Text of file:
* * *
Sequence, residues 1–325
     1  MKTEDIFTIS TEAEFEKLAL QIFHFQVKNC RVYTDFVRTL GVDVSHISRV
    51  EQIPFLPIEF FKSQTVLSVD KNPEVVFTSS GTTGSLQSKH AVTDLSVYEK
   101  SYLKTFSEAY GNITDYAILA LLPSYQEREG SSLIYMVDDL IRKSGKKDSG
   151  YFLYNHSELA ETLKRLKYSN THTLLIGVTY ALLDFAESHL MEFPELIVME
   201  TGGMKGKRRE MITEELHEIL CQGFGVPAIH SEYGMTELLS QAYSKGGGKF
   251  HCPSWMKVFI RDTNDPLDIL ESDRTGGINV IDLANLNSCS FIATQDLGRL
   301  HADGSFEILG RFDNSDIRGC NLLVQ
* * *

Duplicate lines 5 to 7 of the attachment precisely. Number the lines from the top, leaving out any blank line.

   151  YFLYNHSELA ETLKRLKYSN THTLLIGVTY ALLDFAESHL MEFPELIVME
   201  TGGMKGKRRE MITEELHEIL CQGFGVPAIH SEYGMTELLS QAYSKGGGKF
   251  HCPSWMKVFI RDTNDPLDIL ESDRTGGINV IDLANLNSCS FIATQDLGRL